9) What do you feel you’re bringing personally to the family business?

Apparently: trouble. Just kidding. I aspire to work at Buehler but need to get my feet wet first, so I work for a start-up wine marketing company. One commitment to the winery I made was I am taking classes in order to get a degree in winemaking, and getting hands on experience as well. My dream is to make my own wine someday and my quest has just begun so I would love to keep you (and anyone who is interested) up to date along the way.

10) Does this shirt make me look fat? (There is a correct answer, so consider your response carefully!)

“No, your face does. Oops, that was the champagne talking” – David Spade in Tommy Boy

[Editor’s note: that is the CORRECT answer!]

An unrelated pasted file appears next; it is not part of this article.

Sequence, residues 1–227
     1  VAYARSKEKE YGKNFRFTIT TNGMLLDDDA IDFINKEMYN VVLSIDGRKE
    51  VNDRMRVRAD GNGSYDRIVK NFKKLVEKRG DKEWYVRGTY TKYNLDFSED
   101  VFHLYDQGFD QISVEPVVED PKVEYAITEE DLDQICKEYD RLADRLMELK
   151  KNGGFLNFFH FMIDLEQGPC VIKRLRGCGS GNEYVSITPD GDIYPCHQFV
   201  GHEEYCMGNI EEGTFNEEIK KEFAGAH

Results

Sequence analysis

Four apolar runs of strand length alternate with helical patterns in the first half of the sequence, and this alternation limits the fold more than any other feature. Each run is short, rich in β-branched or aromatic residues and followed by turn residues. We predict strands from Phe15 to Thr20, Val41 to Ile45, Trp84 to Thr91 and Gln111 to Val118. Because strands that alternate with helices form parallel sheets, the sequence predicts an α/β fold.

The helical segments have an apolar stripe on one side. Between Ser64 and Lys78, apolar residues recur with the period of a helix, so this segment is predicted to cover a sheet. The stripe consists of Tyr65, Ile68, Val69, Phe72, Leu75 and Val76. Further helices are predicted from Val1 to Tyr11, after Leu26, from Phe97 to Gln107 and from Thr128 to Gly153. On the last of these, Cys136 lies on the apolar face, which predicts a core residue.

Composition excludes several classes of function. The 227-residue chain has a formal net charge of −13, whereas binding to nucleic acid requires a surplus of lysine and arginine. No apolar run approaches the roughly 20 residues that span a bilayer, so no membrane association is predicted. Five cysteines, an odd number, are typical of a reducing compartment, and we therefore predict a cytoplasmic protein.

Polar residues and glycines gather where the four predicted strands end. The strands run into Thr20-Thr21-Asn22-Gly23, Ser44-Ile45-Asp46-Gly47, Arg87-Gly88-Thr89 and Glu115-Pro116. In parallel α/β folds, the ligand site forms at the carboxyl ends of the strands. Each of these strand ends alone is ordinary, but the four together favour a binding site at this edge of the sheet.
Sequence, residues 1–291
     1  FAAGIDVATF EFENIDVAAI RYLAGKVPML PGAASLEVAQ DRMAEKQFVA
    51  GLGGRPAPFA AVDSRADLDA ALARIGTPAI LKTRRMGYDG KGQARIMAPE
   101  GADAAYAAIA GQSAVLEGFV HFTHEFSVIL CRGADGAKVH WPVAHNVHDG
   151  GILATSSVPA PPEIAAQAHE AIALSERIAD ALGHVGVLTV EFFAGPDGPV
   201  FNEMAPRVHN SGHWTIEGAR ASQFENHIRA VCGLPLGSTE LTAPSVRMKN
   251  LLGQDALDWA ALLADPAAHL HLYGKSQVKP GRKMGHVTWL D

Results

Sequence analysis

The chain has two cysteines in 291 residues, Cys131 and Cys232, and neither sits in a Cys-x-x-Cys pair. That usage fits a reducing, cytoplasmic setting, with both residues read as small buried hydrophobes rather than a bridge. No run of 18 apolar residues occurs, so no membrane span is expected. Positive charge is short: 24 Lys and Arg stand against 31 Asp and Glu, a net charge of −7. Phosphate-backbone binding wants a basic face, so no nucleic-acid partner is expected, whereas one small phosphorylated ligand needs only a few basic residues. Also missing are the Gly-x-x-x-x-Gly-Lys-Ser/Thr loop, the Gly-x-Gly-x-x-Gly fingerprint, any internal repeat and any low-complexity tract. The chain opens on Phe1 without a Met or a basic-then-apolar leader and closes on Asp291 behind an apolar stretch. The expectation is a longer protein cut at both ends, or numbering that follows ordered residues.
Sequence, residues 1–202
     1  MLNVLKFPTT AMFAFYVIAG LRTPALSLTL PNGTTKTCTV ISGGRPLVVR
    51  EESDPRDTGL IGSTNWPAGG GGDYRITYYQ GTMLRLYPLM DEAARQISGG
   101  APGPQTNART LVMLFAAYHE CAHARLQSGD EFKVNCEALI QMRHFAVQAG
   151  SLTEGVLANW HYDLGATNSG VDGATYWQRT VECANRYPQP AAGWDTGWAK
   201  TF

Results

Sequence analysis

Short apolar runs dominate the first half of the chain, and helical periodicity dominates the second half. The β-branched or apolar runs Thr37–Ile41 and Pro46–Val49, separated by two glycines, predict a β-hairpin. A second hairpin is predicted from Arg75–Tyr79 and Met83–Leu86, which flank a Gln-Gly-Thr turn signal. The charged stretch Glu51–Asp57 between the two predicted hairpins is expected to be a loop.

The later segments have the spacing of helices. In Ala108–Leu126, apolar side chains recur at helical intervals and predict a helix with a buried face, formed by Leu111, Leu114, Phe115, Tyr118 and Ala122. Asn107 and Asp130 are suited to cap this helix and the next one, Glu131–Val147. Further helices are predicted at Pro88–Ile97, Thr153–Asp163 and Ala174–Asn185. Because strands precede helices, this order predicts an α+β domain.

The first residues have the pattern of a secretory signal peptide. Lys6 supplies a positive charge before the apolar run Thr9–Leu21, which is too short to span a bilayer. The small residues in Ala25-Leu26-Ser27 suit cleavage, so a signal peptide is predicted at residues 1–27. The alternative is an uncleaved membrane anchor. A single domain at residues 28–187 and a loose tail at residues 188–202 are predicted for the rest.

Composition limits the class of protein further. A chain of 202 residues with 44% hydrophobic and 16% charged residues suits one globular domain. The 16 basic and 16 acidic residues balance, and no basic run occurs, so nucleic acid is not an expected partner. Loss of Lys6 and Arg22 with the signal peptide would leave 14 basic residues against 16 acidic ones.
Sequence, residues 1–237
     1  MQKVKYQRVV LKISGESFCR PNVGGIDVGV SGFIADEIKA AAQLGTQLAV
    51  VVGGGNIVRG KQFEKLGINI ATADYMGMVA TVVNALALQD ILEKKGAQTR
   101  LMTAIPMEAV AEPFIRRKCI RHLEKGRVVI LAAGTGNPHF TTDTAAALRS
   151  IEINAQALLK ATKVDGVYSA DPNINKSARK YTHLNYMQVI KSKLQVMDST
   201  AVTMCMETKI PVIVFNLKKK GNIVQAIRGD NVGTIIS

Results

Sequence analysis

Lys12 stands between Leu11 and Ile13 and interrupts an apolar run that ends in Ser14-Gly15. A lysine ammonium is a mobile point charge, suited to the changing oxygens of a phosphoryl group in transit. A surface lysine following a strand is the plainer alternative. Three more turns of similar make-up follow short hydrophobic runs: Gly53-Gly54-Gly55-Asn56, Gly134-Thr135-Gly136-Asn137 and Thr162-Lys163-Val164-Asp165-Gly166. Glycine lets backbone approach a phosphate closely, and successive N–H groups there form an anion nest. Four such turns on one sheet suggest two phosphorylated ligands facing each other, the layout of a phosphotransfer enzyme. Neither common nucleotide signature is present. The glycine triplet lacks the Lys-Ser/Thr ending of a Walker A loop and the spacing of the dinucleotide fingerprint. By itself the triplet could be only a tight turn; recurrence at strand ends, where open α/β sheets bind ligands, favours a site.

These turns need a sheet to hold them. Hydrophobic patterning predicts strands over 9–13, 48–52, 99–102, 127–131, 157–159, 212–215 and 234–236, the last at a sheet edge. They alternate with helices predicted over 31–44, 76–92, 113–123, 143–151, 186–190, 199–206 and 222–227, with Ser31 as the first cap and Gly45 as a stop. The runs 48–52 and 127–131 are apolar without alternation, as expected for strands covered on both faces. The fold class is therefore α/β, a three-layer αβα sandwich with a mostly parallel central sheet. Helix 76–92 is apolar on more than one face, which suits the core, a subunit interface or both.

Don't miss the good vino! Sign-up now for non-SPAMmy delivery of 1WineDude updates to your Inbox.

Email address:

The Fine Print

This site is licensed under Creative Commons. Content may be used for non-commercial use only; no modifications allowed; attribution required in the form of a statement "originally published by 1WineDude" with a link back to the original posting.

Play nice! Code of Ethics and Privacy.

Contact: joe (at) 1winedude (dot) com